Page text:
Batman and his enemies exist in a strange world, and in effect, Batman is as insane as the villains that he is fighting. He is caught in a battle night after night to exorcise his own inner demons, with his sanity (his true mask) positioned on the surface. However, Batman and the Joker are a necessity for each other, more than any other hero-villain combination in comic books. It is a battle that has been in existence for the last 70 years and it will persist long after we are gone.

Get our free email alerts on the topics and author of this article:


Post a Comment

GravatarWant to change your avatar?
Go to and upload your own (we'll wait)!

 Rules: No profanity or personal attacks.
 Use a valid email address or risk being banned from commenting.

If your comment doesn't show up immediately, it may have been flagged for moderation. Please try refreshing the page first, then drop us a note and we'll retrieve it. Keep in mind that we do not allow external links in the comments.

  1. Nice, I seemed to have missed part 2 of this somehow, guess I’ll check it out now. You kept mentioning how Batman’s character took a backseat in the other films and in my opinion the same thing happened in TDK. Although unlike the others, TDK was actually good, lol.

  2. I don’t think people are over looking Eckharts performance I just think most people don’t find it to be all that impressive. I wasn’t at all impressed with his performance as dent. He didn’t do bad I just didn’t see anything special in it.

    I also don’t think that Batman took a back seat in TDK at all I thought it was fairly equal. He may not of been the only main focus but he was certainly in the main focus.

  3. I thought the casting of Christian Bale was inspired, for reasons more than just his performance; consider this:

    Bale had a following from his performance in American Psycho, yes?

    Now I ask you…is there anything more psycho than dressing up as a bat, jumping off great big buildings and gliding to a frakking tank your company built?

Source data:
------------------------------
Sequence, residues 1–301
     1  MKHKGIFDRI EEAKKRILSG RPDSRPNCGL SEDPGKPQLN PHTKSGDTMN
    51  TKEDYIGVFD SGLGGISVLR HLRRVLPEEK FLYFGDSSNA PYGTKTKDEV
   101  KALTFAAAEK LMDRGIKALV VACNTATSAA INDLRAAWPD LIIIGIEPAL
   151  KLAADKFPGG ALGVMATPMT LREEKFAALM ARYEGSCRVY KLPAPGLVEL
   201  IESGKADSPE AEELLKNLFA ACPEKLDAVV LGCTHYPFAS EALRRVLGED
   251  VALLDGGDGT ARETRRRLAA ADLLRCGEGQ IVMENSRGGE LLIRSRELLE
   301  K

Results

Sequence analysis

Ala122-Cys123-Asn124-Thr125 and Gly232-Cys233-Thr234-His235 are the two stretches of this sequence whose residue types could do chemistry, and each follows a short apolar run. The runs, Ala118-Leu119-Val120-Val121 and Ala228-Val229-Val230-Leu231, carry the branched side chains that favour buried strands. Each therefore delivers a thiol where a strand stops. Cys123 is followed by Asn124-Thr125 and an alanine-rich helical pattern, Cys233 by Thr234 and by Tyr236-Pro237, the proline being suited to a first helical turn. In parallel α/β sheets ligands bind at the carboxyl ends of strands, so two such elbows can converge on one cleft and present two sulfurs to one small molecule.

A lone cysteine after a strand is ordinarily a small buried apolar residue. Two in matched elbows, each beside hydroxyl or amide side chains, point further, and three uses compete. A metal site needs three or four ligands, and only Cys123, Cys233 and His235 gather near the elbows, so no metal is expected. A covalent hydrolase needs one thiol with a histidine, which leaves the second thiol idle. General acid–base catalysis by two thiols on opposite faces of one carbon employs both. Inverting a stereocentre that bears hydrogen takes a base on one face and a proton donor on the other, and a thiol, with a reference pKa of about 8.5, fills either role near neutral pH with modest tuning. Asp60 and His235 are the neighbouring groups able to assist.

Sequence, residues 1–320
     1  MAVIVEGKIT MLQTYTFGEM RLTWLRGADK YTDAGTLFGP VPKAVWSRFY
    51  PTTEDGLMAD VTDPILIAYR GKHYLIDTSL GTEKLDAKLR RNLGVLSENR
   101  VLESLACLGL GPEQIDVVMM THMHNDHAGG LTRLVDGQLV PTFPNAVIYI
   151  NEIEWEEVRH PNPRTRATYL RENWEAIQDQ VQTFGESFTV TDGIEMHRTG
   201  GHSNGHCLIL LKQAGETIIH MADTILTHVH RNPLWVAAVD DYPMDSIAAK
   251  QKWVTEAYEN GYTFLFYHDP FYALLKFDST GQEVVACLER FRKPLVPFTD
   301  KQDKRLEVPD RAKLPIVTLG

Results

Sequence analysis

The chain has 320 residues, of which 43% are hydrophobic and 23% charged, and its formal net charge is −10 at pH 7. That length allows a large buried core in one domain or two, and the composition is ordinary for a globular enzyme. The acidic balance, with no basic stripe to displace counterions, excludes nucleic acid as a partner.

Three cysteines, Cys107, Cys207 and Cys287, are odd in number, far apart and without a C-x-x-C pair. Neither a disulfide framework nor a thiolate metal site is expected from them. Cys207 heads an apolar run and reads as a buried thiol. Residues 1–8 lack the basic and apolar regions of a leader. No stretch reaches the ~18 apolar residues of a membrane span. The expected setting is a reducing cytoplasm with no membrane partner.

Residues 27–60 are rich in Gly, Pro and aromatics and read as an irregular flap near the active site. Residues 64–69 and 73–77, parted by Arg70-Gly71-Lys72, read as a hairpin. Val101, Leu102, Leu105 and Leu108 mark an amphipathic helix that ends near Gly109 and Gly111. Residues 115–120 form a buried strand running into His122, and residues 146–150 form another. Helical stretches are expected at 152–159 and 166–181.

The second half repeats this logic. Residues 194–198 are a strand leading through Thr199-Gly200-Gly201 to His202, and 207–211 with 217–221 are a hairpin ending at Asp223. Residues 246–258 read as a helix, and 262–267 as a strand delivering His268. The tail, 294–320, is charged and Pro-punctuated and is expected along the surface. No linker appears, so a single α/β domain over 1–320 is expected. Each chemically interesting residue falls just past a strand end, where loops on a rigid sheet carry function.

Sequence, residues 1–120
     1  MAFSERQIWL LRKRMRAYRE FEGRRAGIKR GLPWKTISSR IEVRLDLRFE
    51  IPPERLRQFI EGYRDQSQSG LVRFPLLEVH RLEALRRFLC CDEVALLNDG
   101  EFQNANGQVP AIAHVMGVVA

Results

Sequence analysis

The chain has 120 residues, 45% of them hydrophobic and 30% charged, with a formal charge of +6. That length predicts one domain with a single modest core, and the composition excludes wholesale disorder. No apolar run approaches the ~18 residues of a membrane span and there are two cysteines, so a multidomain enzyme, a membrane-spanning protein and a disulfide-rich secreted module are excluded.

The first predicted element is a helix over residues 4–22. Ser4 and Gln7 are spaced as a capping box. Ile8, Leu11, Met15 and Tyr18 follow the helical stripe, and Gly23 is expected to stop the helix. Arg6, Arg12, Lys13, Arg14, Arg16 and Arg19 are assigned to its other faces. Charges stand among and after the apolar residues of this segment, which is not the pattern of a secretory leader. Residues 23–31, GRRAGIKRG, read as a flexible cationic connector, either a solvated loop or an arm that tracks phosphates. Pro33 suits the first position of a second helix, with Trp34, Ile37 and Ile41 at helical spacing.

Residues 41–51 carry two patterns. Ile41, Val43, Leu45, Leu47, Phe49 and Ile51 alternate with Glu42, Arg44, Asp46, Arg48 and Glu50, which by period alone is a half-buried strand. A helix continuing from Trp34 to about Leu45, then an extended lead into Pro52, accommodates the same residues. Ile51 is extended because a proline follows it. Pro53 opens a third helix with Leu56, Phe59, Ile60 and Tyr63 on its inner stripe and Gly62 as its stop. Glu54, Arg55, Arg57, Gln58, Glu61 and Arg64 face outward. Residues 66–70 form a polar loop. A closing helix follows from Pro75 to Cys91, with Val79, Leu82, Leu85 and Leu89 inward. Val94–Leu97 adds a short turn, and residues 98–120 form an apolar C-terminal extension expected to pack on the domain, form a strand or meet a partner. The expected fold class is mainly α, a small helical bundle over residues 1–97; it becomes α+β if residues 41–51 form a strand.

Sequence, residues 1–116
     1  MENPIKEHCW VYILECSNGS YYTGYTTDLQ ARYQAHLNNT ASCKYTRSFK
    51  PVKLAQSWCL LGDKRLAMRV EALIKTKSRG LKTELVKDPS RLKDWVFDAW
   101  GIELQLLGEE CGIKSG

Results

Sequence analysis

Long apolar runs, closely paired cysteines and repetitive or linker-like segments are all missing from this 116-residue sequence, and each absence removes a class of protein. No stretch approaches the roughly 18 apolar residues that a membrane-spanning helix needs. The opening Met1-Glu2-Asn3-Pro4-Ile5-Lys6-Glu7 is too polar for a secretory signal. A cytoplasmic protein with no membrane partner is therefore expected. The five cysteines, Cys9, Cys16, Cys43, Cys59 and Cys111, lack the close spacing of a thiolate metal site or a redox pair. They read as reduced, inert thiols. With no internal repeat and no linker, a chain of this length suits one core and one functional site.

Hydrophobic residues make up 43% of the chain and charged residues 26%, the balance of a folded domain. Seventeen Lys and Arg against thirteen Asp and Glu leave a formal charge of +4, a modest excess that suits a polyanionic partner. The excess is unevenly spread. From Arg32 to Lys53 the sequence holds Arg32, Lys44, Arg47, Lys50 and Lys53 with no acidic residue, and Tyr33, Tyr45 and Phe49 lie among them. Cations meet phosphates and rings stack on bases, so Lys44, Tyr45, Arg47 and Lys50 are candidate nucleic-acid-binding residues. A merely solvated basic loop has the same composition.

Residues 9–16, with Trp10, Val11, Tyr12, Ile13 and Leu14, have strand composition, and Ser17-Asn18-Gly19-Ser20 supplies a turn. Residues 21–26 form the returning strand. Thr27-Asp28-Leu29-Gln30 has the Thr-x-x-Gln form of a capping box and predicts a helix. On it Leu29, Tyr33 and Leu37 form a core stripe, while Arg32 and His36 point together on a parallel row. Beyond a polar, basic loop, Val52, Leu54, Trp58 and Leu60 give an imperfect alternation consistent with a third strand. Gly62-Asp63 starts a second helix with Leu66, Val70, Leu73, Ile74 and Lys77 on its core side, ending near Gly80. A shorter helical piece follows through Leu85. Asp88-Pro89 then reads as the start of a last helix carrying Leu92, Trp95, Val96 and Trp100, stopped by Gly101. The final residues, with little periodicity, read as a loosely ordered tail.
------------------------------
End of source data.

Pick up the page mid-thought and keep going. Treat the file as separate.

And, since Bruce Wayne is American…then that makes him the most beloved American Psycho ever.

  4. interesting writing.

    Bale’s Batman is the definitive Batman because we see everything in this character finally on film. Cunning, great tactical thinking, martial arts skills,forensic application and intimidating personality.

  5. I agree with everything but forensics. That lame excuse for forensic/detective work in TDK doesn’t count. It looked like they threw it in there just so you can’t say they completely excluded it. And in the end, it turns out useless anyhow with no impact on the story or how it ends. Further proof it was an afterthought.

  6. I don’t know about your commment against the forensic side of the film Ken J. While it certainly didn’t have a big impact on the film, I think it atleast attempted to show he is still the detective.

    Now don’t get me wrong. It didm’t make him the detective we know and love from the comic series and it didn’t show the classic image of Batman brooding in the cave going over the same evidence again and again like in the graphic novel “Identity Crisis.” But it was an attempt to appeast another of the many sides of Batman.

    Lastly while I love the detective side of Batman I don’t feel like there was room for it in this film. The concept was that the Joker was keeping everyone in a state of constant panic I think it would seem odd to have things slow down and have Batman sitting down and questioning everything and breaking things down. Story line wise if he did that everyone would be dead lol.

    I’m just happy that they made an effort to include that in the film. Along with the video survillence he had of people and the pictures of the joker that were running across screens in the back ground scanning his face. Just my opinion

  7. Hola